- Two men accused of selling meth to undercover cop (6/22/17)
- Cape man stabbed in head, arm after strip-club incident; skull fractured, police say (6/25/17)3
- Custom cuts: Local hairstylist provides free haircuts to special-needs children (6/26/17)3
- Police: Man grabbed wheel, tried to kill driver and himself in Jackson crash (6/23/17)
- Marble Hill man accused of beating, kidnapping woman (6/27/17)
- Annual SEMO District Fair event lineup announced (6/23/17)2
- Oran town board fired officer before hiring him as police chief; city officials say they can't remember reason for firing (6/25/17)2
- Playing with fire (6/25/17)
- Two charged in theft of jewelry from Cape storage facility (6/23/17)1
- Business notebook: Man's cheesecake whim becomes a full-time vocation (6/26/17)
Shriver defends recall candidate husband as 'A-plus human being
NEWPORT BEACH, Calif. -- Maria Shriver gave a spirited defense of Arnold Schwarzenegger on Friday, extolling her husband's qualifications for governor as she brushed aside allegations of misbehavior.
"I wouldn't be standing here if this man weren't an A-plus human being," the journalist and Kennedy family member told a lunch meeting of the California Women's Leadership Association.
Earlier this week, Schwarzenegger apologized for his past behavior toward women. Shriver, on leave from her NBC News job, called her Republican husband courageous for facing the scrutiny head on.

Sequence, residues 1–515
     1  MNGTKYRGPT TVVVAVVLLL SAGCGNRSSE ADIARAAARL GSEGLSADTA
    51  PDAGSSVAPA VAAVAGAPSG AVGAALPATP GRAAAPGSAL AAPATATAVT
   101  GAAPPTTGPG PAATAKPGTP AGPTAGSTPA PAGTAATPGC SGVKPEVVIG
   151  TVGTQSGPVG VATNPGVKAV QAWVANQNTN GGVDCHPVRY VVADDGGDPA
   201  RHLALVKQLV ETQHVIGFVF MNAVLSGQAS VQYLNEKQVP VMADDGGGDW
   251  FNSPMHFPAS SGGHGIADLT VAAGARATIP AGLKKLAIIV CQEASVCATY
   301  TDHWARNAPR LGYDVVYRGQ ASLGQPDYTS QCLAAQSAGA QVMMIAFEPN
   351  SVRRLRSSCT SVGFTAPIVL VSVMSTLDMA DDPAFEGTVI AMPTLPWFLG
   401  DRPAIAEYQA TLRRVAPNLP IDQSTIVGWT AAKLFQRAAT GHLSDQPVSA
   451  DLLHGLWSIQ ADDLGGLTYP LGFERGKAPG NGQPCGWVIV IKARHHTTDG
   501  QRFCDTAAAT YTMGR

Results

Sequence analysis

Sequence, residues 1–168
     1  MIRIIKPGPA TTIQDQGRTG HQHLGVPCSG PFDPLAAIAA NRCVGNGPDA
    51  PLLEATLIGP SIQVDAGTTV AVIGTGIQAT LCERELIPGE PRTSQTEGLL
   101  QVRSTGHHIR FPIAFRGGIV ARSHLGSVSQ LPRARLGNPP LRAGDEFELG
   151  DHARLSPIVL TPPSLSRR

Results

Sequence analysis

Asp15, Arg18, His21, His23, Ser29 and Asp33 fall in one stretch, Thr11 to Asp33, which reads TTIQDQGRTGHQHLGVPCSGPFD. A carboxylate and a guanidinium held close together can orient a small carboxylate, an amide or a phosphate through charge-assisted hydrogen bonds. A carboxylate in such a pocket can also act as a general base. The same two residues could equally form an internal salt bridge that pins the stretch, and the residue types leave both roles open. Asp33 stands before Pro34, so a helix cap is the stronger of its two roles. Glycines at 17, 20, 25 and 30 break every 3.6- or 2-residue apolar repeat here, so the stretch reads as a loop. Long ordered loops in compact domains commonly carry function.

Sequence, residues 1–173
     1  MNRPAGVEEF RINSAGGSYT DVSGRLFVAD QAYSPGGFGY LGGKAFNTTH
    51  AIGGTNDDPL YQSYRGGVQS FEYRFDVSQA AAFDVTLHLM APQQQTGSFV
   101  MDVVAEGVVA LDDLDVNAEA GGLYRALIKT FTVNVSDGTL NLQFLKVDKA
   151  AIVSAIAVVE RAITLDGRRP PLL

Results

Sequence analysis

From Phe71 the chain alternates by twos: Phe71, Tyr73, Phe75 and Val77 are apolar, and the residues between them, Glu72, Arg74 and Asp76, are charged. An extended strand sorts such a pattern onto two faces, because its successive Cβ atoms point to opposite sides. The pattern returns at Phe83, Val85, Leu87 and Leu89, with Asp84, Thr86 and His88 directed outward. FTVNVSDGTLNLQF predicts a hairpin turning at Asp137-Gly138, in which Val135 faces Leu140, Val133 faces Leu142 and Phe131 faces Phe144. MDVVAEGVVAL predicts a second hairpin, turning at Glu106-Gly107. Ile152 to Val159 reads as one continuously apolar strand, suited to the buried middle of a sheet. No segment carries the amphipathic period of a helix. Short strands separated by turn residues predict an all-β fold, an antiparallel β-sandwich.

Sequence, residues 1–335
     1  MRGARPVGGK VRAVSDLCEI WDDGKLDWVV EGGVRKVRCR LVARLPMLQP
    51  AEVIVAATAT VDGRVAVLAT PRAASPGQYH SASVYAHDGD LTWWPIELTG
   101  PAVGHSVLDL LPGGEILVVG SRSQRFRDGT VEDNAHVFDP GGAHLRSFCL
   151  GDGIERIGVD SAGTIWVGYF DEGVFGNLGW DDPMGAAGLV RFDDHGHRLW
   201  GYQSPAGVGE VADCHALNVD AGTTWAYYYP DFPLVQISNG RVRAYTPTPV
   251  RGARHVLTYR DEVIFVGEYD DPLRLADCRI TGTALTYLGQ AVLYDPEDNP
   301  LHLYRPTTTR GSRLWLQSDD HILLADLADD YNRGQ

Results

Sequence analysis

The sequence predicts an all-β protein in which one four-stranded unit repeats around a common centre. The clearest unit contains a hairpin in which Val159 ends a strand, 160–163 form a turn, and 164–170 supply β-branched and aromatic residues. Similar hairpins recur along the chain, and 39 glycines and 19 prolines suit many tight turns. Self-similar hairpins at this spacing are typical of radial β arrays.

"Arnold will come though it and we'll be fine," she told reporters. "I believe in him so strongly and I love him very much."
She considered the subject closed, she said. "I don't believe in gutter politics and I don't believe in gutter journalism."
During her half-hour speech, Shriver, the niece of President John F. Kennedy, focused on making the case for Schwarzenegger as the candidate who should replace Gov. Gray Davis in Tuesday's recall election.
Among his qualities, she said, are intelligence, compassion and boldness.
"Lord knows, every decision he has made in his life has been bold," she said, recounting his decision to leave his native Austria for America, seek fame as a bodybuilder and launch a Hollywood movie career.
Shriver said she had mixed feelings about her husband's political aspirations. Polls have shown him ahead of other candidates, with a majority of voters backing Davis' recall.
"I can honestly say it's fine with me if nobody votes for Arnold because I'll get him back full time, and I miss him. And the kids get him back full time, and they miss him."
"But if he wins, all of you win. Because then you get him full time," she said.